Quebec History Marianopolis College

Date Published:
March 2005

L’Encyclopédie de l’histoire du Québec / The Quebec History Encyclopedia


Curling in Canada


[This article was published in 1948; for the full citation, see the end of the text.]


Curling, a game played on the ice with heavy circular stones, which are projected along a defined space called a "rink" toward a mark called a "tee", the object being to place the stone as near as possible to the "tee". The game originated in Scotland ; but it has been for more than a century popular in Canada. It would seem to have been played on the St. Lawrence river at Quebec in the later years of the eighteenth century; but the first organized curling club was formed in Montreal in January, 1807. A club was organized at Quebec in 1821; and in 1835 a match took place between these two clubs at Three Rivers. Games were played on the ice of Toronto bay as early as 1825 ; but the first club organized in Ontario was that of Fergus, in 1834. The Toronto Curling Club followed in 1836. Many of the early games were played with hickory blocks, fitted with iron handles; but by 1839 curling stones were being manufactured in Toronto. In 1859 the first great bonspiel, or competition, ever held in America was played on Toronto bay, twenty-one rinks of four players each competing on each side. Rinks came from as far east as Montreal and as far west as London . In 1865 an international bonspiel was held at Buffalo , at which the United States was represented by fifty rinks. Competition between Ontario and Quebec was rendered difficult' by the fact that the players in Montreal and Quebec used "iron" stones, whereas those in Ontario used granite. The Ontario clubs were formed into a branch of the parent club in Scotland, the Royal Caledonian Curling Club, in 1874; and in 1888 a similar branch was formed in Manitoba and the North West Territories. There are now associations in each of the provinces of Canada, with the exception of Prince Edward Island and British Columbia. As yet there is no Dominion Curling Association; but there have been competitions for the championship of the Dominion for many years. As long ago as 1875 the Earl of Dufferin, when governor-general of Canada, offered a cup for competition among all clubs in Canada, known as the Governor-General's Cup; and in 1927 the Macdonald Tobacco Company of Montreal inaugurated a Dominion championship competition for the "Macdonald Brier Trophy", to be held annually at the Granite Club, Toronto. In this competition are annually entered 120 rinks; and its success has been assured by the introduction of artificial ice in recent years. For an account of the history of curling in Canada, see J. Kerr, History of curling (Edinburgh, 1890), and Curl ing in Canada and the United States (Edinburgh, 1904).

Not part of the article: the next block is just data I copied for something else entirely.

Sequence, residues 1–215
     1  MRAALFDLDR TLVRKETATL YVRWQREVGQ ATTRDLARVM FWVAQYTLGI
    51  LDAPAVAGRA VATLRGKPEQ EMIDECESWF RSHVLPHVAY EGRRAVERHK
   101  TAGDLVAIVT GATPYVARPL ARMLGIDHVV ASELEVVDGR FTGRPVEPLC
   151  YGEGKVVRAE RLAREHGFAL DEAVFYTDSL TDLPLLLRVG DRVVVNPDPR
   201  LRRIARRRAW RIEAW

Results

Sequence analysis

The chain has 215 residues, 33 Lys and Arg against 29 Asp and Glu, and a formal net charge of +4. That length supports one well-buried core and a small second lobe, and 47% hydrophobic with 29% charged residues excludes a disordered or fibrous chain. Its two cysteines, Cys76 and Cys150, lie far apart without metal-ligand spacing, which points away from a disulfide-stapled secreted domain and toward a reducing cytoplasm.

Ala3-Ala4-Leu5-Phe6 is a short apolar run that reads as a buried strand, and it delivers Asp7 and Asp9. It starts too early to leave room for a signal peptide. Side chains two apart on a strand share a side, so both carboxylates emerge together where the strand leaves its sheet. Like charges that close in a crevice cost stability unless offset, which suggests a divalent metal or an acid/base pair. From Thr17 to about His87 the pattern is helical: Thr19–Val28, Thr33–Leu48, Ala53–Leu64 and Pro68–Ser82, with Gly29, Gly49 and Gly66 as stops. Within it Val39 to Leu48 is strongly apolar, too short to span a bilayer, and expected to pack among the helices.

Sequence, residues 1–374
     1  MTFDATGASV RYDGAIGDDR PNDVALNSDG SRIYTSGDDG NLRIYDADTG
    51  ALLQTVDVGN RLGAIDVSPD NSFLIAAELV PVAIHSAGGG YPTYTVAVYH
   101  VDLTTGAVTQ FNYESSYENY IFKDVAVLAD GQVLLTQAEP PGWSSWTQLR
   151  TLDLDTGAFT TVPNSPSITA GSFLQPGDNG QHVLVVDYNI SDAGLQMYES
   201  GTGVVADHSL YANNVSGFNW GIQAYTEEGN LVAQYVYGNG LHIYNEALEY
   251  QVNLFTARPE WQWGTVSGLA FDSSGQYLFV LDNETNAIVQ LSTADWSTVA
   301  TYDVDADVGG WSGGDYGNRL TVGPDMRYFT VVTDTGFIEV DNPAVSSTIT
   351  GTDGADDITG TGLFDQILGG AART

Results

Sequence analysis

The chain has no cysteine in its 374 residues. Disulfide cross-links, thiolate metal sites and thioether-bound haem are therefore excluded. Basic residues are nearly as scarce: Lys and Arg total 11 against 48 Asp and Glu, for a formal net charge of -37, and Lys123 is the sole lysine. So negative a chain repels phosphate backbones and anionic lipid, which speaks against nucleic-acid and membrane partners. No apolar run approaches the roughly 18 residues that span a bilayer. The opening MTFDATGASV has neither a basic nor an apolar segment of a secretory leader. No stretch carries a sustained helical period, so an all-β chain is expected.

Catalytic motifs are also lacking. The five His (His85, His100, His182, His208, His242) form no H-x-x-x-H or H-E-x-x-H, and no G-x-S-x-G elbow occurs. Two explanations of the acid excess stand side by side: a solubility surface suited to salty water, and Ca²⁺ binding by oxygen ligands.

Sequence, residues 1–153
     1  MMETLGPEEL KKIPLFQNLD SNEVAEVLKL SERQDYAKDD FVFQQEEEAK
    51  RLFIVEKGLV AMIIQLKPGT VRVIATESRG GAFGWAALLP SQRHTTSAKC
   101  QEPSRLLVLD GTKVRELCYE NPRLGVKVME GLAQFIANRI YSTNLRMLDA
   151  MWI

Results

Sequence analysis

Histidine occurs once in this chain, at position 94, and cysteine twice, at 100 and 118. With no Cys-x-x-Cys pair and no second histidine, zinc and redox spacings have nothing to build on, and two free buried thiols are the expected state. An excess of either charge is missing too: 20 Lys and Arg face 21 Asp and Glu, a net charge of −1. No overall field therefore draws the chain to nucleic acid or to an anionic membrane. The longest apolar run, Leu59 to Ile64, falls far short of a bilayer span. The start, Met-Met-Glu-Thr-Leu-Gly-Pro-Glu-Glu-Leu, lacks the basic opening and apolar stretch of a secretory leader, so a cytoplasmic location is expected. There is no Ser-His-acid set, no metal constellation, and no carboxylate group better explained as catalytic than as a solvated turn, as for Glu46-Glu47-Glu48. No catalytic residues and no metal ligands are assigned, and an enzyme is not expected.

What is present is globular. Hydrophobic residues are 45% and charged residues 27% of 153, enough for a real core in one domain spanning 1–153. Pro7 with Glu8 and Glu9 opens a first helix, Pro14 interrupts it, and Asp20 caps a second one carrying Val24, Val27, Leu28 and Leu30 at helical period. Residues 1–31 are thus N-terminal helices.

Source  : W. Stewart WALLACE, ed., The Encyclopedia of Canada, Vol. II, Toronto, University Associates of Canada, 1948, 411p., p. 158.


© 2005 Claude Bélanger, Marianopolis College